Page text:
From a WSJ article today:
"Do unhealthy people drink diet soda? Does diet soda make people unhealthy?Those are some of the questions raised by a 'surprising' new study that links consumption of soft drinks -- both the sugared and diet variety -- with a higher risk for a range of obesity-related health problems."
Is anyone else finding more and more articles/essays/books about two seemingly unrelated topics being *gasp* actually related? Or that there are connections that people seem to have never seen before but *gasp* the author shows us the way?
I know Freakonomics was a hit (and I liked the book) but it seems like economists and now everyday journalists are copying (or maybe just over utilizing) the "Freakonomics style". Maybe I've just been seeing more of this and the WSJ article on diet soda sort of pushed me over the top, but it really does seem like the "Freakonomics style" is becoming (or has become) all the rage. There have been recent books published such as "Freedomnomics" that go against the "Freakonomics style" (though, honestly, I don't like Freedomnomics either) but there are many more books that go with the style such as "More Sex is Safer Sex" and "Discover Your Inner Economist". It might just be me, but I'm starting to get sick of these cutesie copycat books.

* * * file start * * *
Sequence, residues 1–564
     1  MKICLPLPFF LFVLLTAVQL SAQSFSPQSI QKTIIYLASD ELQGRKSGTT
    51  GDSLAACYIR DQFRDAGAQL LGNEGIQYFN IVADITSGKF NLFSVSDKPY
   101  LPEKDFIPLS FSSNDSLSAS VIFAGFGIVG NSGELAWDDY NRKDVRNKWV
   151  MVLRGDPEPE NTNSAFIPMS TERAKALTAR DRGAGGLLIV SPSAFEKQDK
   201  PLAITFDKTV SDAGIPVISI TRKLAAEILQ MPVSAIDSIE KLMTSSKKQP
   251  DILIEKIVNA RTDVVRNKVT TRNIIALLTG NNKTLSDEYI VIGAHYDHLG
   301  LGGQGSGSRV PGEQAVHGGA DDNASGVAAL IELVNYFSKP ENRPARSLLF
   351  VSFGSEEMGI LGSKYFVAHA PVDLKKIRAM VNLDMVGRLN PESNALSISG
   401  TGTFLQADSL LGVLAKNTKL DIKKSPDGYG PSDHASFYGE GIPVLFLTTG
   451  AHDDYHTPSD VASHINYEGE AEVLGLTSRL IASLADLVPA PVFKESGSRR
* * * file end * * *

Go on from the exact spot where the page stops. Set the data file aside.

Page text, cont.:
My theory behind the proliferation of such books/essays/articles is that Freakonomics was SUCH a hit (and the publishing industry is so hard pressed for these rare successes) that when something like Freakonomics comes along most publishers say, "Ooh! Ooh! A money cow! We need to milk this for all its worth!" and then some authors come along and say, "Ooh! Ooh! The spotlight!" and then you get some mediocre books that don't quite live up to the original but sell more than enough copies to generate handsome profits all around. That's what we're seeing and fortunately we're reaching the point of saturation, which means we shouldn't be seeing these copycats much longer.
My point behind this whole post is that I'm disappointed with a general lack of originality. This applies not only to books, but also to movies, restaurants, and many other business concepts. I'm disappointed that it's better (more profitable?) nowadays to be a copycat than it is to strike out on your own and take a chance.